• Holiday Celebration at DYCHoliday Celebration at DYC
  • slide2
  • slide3
  • slide4

Mark J. Snow, Fracking in Michigan, February 26th, 2014

February 5, 2014

The Detroit Section American Chemical Society, co-sponsored by ANACHEM & SAS, presents:

Hydraulic Fracturing (“Fracking”) in Michigan:
Michigan’s regulatory response to high volume hydraulic fracturing.
Balancing the economic benefits while protecting the environment and the public.

Mark J. Snow
Supervisor, Permits and Bonding Unit
Office of Oil, Gas, and Minerals
Michigan Department of Environmental Quality

Wednesday, February 26th, 2014
Lawrence Technological University
Room: M218, Buell Management Building
21000 West Ten Mile Road, Southfield, MI, 48075-1058

6:30 pm: Free Pizza and Presentation

Hydraulic fracturing (Fracking) has been utilized throughout the United States for more than 60 years and allows production in unconventional or tight geologic reservoirs that otherwise would not yield economical amounts of oil and natural gas. To date, over 1.25 million wells have been hydraulically fractured nationwide. Hydraulic fracturing is a well completion operation that involves pumping fluid and proppants into the target formation to create artificial fractures, or enhance natural fractures, for the purpose of improving deliverability and production of hydrocarbons. Proppants, usually silica sand, are added to the fluid to hold the fractures open once they are created. Small concentrations of chemicals are added to the fluid to improve the effectiveness of the fracture job. In the past 60 years significant advancements of the technology have occurred in such areas proppant development, fluid advances, modeling and simulation, and horizontal well integration. The first hydraulic fracture stimulation was performed in Michigan in 1952. Since then, over 12,000 wells have been hydraulically fractured in our state. New development plans are focused on multi-staged completions using large volumes of fluid and drilling long horizontal wells (up to two miles) at vertical depths of 4,000 to 10,000 feet.

The Department of Environmental Quality (DEQ), Office of Oil, Gas, and Minerals (OOGM) is charged with the responsibility of ensuring the best use of Michigan’s geological resources for their social and economic benefits while protecting the environment and public health and safety.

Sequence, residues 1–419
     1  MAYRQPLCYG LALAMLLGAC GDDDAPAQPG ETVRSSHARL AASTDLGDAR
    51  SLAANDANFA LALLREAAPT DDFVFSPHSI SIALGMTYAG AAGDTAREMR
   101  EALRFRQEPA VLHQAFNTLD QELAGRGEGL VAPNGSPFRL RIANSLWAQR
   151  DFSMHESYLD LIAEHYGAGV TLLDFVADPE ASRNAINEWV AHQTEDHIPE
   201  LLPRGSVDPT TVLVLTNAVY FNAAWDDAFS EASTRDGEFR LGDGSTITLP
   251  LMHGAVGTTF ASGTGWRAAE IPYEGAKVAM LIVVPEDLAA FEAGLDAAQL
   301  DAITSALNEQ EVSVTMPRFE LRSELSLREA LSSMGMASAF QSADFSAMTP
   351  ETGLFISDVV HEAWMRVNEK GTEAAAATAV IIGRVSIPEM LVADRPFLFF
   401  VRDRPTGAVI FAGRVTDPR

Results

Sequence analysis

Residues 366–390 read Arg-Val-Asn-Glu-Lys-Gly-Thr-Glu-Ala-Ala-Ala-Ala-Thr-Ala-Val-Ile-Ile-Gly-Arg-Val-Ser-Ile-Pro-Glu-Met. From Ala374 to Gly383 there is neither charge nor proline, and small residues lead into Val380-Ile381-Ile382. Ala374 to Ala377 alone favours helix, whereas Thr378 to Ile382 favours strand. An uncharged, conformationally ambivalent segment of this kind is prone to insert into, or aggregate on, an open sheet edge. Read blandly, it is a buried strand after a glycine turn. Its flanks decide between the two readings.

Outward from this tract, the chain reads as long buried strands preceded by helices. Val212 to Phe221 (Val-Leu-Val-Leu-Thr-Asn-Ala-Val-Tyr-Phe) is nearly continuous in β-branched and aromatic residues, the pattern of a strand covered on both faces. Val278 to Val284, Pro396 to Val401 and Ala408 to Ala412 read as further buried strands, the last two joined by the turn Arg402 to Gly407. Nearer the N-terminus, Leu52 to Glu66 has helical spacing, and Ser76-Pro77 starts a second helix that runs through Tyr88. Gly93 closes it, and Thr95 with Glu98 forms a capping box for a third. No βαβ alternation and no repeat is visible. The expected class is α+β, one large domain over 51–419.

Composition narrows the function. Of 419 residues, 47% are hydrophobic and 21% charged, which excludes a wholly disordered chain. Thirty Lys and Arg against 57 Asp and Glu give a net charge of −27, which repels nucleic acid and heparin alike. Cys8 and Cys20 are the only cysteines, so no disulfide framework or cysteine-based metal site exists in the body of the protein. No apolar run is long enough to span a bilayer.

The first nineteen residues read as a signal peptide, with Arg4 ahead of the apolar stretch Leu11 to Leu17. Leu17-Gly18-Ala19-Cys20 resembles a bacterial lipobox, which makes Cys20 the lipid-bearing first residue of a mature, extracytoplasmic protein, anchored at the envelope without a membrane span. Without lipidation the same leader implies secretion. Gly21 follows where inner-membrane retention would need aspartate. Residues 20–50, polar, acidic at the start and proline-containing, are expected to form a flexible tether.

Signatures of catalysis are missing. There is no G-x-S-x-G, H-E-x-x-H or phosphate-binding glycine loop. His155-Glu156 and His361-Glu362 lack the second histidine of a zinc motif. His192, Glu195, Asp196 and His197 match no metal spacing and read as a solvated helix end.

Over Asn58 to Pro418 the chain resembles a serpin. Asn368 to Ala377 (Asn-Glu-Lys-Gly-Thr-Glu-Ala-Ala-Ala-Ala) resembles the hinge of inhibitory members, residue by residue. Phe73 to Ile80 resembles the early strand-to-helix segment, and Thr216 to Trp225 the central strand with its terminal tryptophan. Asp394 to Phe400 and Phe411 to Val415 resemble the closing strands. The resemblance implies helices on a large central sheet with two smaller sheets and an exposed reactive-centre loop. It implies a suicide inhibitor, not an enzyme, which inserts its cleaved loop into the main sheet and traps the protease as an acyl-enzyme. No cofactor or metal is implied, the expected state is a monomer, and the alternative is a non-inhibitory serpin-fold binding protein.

Mark Snow is the Supervisor of the Permits and Bonding Unit, Michigan Department of Environmental Quality, Office of Oil, Gas, and Minerals (OOGM). Mark oversees the unit in charge of permitting of oil, natural gas, injection, and mineral well activities within the State of Michigan. He has been with OOGM for almost 10 years. Mark earned his Bachelor’s degree in Geology from Michigan State University.

Other Event Information
A campus map with parking and building locations is available at http://www.ltu.edu/map/

If a winter storm happens to visit the Detroit area on February 26th, and you are unsure if the meeting will take place, please call Megan Klein at 248-470-5059 before 5 pm.

For more information on hydraulic fracturing, a visit the Michigan DEQ website is helpful: http://www.michigan.gov/deq and search “fracking” or check out this comprehensive document: http://www.michigan.gov/documents/deq/Hydraulic_Fracturing_In_Michigan_423431_7.pdf

Dr. John Engelmann, October 23, 2013

October 10, 2013

The Detroit Section American Chemical Society, co-sponsored by ANACHEM & SAS, presents:

Science and Law:
Recent Developments in Patent Law

Dr. John Engelmann
Senior Counsel, Miller Canfield Paddock and Stone

Wednesday, October 23, 2013

University of Detroit Mercy, Chemistry Building
4001 West McNichols Road, Detroit, MI

5:00 pm: Catered Reception, Conference Room C117
6:00 pm: Presentation, Lecture Room C120

John Engelmann will discuss the basics of patent law and the utility of patents in a business setting. He will explain the recent developments in patent law and how these developments affect inventors. He will also describe trademarks and copyrights which can be useful tools to protect intellectual property.

John Engelmann received a BS in Chemistry from the University of Wisconsin Milwaukee in 1964. He received a Ph.D. in organic chemistry from the University of Illinois, Champaign Urbana in 1970. He received a JD degree from the University of Illinois in 1974. He currently practices as an attorney at the law firm of Miller Canfield Paddock and Stone in Kalamazoo, Michigan. He specializes in intellectual property law, regulatory law, and contracts.

Entirely free event: food, parking and presentation are included.
American Chemical Society membership is not required.

A pdf map of the campus is available at http://www.udmercy.edu/about/campus/locations/#mcn.

University of Detroit Mercy entrances are available on West McNichols Rd and Livernois Ave.

Welcome to the new ANACHEM web site

June 19, 2013

Our members told us that they wanted a web site that would keep them informed about ANACHEM events and make it easier for them to register for the fall ANACHEM / SAS symposium. Now you can use the web site to pre-register for the symposium, submit an abstract, or purchase exhibit space as a vendor. If you’re new to ANACHEM, please read about our organization and consider becoming a member by using the on-line form. Membership is the best way to stay informed about ANACHEM activities. If you have problems using the new web site, please send a note to admin@anachem.org. We’ll respond as soon as possible.

View the post archive